While the need to reduce risk of foodborne illness in fresh produce is not new, it remains at the top of the list of priorities for most of us working in the supply chain.
Similarly, managing risk continues to be a hot topic among foodservice operators simultaneously working to reduce food costs and improve customer satisfaction.
After all, if a consumer purchases produce at a local supermarket and then falls ill, the blame is generally tracked back to the grower. In foodservice, a meal that makes one sick often results in finger pointing at the restaurant, which can spawn ramifications ranging from a bad review on Yelp to long-term, irreparable damage to a foodservice brand and reputation.
In early August, I took part in an inaugural meeting of the Fresh Produce Safety Center in Sydney.
The center is being formed through a partnership with Produce Marketing Association Australia-New Zealand and the University of Sydney, and has a charge similar to that of the U.S.-based Center for Produce Safety: reduce foodborne illness risk in fresh produce (through food safety research).
As I was a founding chairman of the Center for Produce Safety, the FPSC wanted to hear from me about insights CPS has collected with its investment of more than $16 million in 99 research projects.
Whether selling to retail or foodservice, the implications of CPS research are critical to maintaining the consumer expectations for food safety that now sit on our collective shoulders.
Key learnings of CPS since its inception include the importance of sampling strategies in testing, the critical need to clean and sanitize surfaces that come in contact with products, and that any wash process must be sufficiently controlled to prevent cross contamination.
Any operation that employs product, water or environmental testing should develop plans for what actions need to be taken when the test results are either negative or positive.
Negative test results generally mean it is acceptable to use that water or product, or that the sanitation program is effective. Positive test results can elicit a number of actions and it is important to think ahead and have a plan for how the organization should react.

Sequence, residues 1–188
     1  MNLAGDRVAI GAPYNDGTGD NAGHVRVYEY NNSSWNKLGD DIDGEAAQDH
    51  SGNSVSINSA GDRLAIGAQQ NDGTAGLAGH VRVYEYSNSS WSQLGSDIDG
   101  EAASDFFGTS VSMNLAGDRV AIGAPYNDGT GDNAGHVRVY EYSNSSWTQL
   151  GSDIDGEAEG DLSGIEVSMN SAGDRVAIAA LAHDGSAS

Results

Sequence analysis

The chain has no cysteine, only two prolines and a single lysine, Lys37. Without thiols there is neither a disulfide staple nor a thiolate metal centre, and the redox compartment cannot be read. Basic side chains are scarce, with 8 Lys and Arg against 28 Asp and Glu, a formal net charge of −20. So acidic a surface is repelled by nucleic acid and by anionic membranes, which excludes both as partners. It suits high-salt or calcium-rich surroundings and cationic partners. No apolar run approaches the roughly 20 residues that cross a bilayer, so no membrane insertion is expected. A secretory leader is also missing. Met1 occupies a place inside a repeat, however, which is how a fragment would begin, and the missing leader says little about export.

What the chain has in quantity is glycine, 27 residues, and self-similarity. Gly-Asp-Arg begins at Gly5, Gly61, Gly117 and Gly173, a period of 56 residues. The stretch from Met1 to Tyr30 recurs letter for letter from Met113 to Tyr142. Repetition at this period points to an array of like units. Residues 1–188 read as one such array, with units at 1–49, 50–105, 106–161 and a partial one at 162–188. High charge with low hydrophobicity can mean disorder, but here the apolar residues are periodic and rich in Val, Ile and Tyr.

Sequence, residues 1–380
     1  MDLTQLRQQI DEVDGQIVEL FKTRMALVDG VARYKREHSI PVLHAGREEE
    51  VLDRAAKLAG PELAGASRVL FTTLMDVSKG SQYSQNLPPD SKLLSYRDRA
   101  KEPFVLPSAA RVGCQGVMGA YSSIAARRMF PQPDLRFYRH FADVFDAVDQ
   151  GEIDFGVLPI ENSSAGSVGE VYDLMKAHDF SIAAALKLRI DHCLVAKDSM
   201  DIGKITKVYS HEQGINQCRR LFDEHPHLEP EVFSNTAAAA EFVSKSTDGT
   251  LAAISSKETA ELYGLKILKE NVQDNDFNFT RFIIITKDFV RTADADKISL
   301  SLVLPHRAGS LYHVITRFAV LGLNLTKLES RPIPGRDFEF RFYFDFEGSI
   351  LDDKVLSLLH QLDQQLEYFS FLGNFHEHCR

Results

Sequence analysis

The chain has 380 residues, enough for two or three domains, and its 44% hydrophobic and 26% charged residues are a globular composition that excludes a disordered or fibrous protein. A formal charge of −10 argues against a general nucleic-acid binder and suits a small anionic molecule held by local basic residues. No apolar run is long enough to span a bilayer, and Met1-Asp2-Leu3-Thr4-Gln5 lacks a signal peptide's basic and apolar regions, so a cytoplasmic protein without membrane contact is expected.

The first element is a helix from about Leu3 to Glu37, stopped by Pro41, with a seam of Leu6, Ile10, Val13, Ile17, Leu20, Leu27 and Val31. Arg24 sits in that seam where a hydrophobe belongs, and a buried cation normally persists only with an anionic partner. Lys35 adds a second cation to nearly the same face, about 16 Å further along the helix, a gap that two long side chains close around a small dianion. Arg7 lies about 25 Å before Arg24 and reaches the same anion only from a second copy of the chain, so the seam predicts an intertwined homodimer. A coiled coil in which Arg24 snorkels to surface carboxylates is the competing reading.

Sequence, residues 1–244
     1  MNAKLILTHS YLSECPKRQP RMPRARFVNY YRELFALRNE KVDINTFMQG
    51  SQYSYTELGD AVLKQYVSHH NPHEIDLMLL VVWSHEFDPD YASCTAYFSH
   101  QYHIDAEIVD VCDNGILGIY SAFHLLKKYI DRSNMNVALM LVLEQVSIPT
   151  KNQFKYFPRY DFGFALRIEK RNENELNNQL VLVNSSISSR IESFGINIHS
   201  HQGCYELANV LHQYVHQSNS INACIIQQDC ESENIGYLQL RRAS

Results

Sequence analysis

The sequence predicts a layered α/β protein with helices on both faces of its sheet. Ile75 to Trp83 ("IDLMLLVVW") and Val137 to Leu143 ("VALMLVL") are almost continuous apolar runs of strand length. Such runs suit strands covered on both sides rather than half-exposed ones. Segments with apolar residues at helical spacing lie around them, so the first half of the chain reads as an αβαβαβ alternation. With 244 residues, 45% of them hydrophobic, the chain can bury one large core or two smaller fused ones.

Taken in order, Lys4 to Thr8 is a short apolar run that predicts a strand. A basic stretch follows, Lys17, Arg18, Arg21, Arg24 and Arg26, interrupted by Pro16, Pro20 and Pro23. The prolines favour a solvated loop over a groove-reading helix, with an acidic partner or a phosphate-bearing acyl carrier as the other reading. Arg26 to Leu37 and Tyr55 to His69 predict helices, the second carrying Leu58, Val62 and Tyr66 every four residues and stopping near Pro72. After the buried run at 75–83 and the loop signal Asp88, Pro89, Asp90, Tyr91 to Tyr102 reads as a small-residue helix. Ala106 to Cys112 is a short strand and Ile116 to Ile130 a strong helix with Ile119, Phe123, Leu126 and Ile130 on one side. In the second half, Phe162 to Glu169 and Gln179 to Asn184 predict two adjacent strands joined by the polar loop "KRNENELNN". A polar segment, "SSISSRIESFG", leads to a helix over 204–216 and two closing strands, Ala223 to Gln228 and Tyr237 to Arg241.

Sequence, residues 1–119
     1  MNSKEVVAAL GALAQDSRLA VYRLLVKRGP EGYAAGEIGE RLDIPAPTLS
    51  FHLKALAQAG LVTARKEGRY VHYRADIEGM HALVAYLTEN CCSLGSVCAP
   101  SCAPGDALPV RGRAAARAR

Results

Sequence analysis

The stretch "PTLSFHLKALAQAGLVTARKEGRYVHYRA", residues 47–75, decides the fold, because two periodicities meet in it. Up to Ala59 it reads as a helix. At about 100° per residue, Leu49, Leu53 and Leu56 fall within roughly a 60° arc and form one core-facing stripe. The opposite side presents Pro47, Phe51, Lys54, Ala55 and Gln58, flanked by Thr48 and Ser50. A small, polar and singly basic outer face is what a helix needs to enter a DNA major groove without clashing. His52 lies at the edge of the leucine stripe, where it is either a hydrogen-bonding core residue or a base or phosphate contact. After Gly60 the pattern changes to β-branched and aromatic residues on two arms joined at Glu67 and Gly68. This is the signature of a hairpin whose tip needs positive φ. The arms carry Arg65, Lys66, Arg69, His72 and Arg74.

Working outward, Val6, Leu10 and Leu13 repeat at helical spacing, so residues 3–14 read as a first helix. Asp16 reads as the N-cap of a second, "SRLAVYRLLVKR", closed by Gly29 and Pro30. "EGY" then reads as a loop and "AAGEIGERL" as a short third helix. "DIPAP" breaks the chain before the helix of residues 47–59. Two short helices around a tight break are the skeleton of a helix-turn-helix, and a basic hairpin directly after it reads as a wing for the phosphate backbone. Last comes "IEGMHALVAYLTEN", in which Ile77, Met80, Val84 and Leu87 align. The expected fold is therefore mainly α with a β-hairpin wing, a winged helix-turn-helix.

When considering cleaning and sanitizing surfaces that come into contact with products, it’s important not to overlook gloves or cartons used for packing operations.
If gloves are used to handle raw products, they should be changed frequently and/or cleaned and sanitized periodically while in use. Preference should be given to the use of nitrile gloves.
If cartons are to be re-used, e.g., repack operations, they should be thoroughly inspected and cartons that are wet or have dirt or debris in them should be avoided.
Perhaps the one area with the biggest implications to produce growers-shippers lies with findings related to the wash-water process.
- Even properly managed wash systems do not sanitize the surface of fruits and vegetables, so the multi-hurdle food safety programs that begin at pre-plant and extend through the supply chain are needed. Washing is not a kill step. Improperly managed wash, cooling or transport systems using water can be a significant source of cross-contamination if pathogens are present.
- Whenever water contacts the surface of fruits or vegetables, it is important that the microbial quality of that water be properly controlled and monitored. Operational parameters should be developed for the system and the performance of preventive controls should be validated and then verified during use.
- New strategies for washing produce are emerging. Combinations of treatments may offer better and more efficacious control over microorganisms in wash water. Operators need to monitor and evaluate emerging technologies and test them relative to their unique process requirements.
As a result of the CPS research, we have seen changes in farming, harvesting, cooling and shipping processes — all-important parts of the supply chain that put nutritious and safe produce on the plates of Americans. But we’ve yet to solve the problem in its entirety.
We have much to learn and our friends in Australia will be an important partner in research and collaboration in addressing industry-wide concerns. For while soil, weather, water and farming practices will be different depending on the region, certain principles will apply across all growing regions.
Safe produce starts in the field and ends on the plate — but all points along the way have a shared commitment to preventing problems.
Creating an industry culture that puts protecting people as its first priority is followed closely — but followed nonetheless — by the health of our companies.
Tim York is CEO of Salinas, Calif., Markon Cooperative, made up of eight North American foodservice distributors. Centerplate is a monthly column offering a peek at “what’s now and next” for foodservice and the implications for the produce industry.
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